can you help me to resurrect this valuable laboratory instrument?

Discussion in 'The Projects Forum' started by scary, Mar 11, 2012.

  1. scary

    Thread Starter New Member

    Sep 14, 2011
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    Hello everyone, 'd really appreciate some help with this challenge I am confronting. I have a Shimadzu Diode Array Detector in the university lab I run which is rather old yet works absolutely fine. The instrument is used to detect the absorption spectra of a flow of fluid passing through a flow cell inside it for the purposes of characterisation and quantification of analytes. The detector is driven from a full length PCI board in an old pentium-driven PC running Windows 95. The problem is that the software & this PCI board are incompatible with the modern versions of Shimadzu's HPLC software.

    Here are some photos of the communication port on the instrument, the cable and its connector (I think this is a 40 pin Molex, I would like to be corrected) and the same connector port on the PCI as well as some shots of the PCI board inside the PC.

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    I would like to be able to use the detector in parallel with my more modern equipment from the same PC as that running the modern instrumentation. The challenge is to duplicate the control and communication functions of the PCI board and associated W95 software using something like a logic analyser to eavesdrop on communciations between the instrument & PC . I could then interpret this and use an Arduino or similarly programmable microprocessor to mimic the control and communication signals from the host PC. I am already familiar with datalogging with the Arduino and so the interception of the logic signals (I am presuming that communication via that Molex connector is going to be digital, right?) and the interpretation and separation of the control & data transfer functions are the challenge I face.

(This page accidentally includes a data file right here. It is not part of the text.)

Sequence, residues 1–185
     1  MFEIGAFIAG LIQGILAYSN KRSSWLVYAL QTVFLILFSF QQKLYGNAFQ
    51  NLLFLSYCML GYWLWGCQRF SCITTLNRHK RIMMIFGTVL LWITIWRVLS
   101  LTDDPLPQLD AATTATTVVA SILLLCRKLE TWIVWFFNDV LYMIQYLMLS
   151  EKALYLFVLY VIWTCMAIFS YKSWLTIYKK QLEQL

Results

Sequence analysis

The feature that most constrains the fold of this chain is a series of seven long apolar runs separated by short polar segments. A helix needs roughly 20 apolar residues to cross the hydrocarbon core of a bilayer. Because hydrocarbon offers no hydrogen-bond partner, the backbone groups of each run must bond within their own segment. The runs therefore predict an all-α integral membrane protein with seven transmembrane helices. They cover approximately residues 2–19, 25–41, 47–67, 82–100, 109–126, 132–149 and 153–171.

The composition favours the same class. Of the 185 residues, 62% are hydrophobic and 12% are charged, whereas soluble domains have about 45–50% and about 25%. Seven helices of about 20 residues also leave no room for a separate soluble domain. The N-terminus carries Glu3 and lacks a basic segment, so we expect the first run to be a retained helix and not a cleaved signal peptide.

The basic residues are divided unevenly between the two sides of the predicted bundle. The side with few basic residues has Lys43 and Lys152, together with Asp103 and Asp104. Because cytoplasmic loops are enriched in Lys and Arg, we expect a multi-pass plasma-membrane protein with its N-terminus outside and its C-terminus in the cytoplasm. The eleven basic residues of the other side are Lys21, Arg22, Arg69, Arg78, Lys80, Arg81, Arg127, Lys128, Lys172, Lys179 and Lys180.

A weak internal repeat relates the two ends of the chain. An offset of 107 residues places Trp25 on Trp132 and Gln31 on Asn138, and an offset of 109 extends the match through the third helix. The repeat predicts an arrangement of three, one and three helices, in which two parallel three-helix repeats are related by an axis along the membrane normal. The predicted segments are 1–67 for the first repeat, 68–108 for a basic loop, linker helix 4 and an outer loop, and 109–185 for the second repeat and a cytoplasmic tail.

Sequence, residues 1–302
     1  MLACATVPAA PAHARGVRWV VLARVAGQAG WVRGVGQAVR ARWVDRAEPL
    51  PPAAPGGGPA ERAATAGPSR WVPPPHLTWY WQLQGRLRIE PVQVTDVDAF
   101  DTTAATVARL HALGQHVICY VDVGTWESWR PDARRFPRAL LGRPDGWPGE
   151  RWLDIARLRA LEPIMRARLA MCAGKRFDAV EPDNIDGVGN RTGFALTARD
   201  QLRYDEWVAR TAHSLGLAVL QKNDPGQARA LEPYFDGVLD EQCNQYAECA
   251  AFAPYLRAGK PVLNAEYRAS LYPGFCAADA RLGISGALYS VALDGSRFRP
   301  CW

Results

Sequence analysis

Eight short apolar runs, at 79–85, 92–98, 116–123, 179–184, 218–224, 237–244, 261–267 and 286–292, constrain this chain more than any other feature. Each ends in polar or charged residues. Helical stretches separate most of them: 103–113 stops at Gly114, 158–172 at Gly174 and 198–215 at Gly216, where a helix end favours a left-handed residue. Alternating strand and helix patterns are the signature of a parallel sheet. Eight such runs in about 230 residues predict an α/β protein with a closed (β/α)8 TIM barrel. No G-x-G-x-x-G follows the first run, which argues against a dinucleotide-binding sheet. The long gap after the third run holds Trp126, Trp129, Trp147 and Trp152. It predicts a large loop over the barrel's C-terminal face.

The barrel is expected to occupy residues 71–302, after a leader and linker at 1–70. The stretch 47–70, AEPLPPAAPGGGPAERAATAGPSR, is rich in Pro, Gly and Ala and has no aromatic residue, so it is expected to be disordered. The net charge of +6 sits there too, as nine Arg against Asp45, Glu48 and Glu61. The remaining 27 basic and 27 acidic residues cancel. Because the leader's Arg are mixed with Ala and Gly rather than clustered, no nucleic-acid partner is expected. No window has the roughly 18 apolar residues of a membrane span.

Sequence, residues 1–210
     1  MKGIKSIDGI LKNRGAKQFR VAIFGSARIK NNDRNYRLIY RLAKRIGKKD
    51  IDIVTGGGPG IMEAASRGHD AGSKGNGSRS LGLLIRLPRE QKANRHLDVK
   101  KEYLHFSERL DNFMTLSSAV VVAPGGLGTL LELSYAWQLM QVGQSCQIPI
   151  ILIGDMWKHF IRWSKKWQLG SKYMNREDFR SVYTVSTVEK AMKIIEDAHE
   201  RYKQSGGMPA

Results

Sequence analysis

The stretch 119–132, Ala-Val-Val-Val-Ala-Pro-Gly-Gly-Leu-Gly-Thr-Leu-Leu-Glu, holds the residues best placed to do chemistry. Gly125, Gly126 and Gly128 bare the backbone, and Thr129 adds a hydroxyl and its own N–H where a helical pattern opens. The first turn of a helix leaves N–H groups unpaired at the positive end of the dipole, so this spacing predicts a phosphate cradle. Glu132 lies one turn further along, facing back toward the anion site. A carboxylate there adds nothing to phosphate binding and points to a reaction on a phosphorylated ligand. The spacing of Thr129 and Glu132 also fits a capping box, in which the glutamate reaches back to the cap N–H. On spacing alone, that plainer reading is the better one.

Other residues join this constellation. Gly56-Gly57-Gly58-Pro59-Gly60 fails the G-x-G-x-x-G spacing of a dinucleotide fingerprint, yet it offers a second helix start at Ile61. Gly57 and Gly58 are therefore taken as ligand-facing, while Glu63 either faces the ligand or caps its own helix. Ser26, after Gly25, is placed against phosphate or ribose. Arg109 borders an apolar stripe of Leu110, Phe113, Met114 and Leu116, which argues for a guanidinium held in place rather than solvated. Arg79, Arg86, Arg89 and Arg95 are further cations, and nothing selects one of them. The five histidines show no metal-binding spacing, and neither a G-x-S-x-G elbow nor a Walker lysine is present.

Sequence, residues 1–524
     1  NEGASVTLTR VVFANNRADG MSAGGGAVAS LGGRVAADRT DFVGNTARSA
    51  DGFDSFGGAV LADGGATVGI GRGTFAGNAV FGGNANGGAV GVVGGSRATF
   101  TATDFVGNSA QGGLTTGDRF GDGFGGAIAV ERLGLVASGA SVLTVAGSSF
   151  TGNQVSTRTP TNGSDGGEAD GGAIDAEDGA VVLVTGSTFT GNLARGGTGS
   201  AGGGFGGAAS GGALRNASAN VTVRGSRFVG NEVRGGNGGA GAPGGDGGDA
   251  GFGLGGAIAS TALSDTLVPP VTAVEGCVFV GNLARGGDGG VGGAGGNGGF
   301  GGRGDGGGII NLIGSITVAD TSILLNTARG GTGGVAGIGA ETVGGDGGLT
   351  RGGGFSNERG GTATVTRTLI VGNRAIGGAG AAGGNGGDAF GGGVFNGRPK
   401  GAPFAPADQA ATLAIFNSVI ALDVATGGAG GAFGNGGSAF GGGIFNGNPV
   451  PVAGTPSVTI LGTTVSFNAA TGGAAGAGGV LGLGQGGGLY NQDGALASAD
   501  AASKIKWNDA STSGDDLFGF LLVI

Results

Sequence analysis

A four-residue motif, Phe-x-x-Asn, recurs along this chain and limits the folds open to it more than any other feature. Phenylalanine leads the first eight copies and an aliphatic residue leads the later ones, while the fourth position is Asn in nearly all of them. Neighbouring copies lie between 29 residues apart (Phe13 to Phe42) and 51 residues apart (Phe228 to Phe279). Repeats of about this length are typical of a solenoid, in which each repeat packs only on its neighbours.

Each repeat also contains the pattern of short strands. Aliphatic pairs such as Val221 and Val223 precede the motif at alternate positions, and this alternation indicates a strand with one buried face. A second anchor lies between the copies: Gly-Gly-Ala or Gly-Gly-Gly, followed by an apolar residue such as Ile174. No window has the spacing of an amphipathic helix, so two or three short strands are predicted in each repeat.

Is this even vaguely possible? I can seek help from the school of engineering but they are a busy bunch (and if you need too much of their time, costly) and so I'd like to make as much progress on my own as I can before I go begging for their advice.

    I should mention that Shimadzu will provide no support for this issue beyond offering me a good price for a trade-in for my current instrument. That price contains five figures and is well down my list of priorities for the lab so it would be super-awesome if I could hack out a fix for it without the need to spend megabucks. I have several projects on the go at the moment which would benefit greatly from this instrument's capabilities!

    Many thanks in advance for advice & input.

    SC
     
    Last edited: Mar 11, 2012
  2. crutschow

    Expert

    Mar 14, 2008
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    Do you have an old computer that you can use to talk to the instrument while you eavesdrop on the signals?

    Do you have a listing of the command structure for the instrument that lists the old digital signal protocol as well as the new?
     
  3. scary

    Thread Starter New Member

    Sep 14, 2011
    8
    1
    Hi Crutschow, thanks for your reply.

    Yes, I have the Windows 95 PC mentioned above in which the PCI board is installed. I'm not sure how much of the signal processing this board does so that function might need to be replicated in my solution.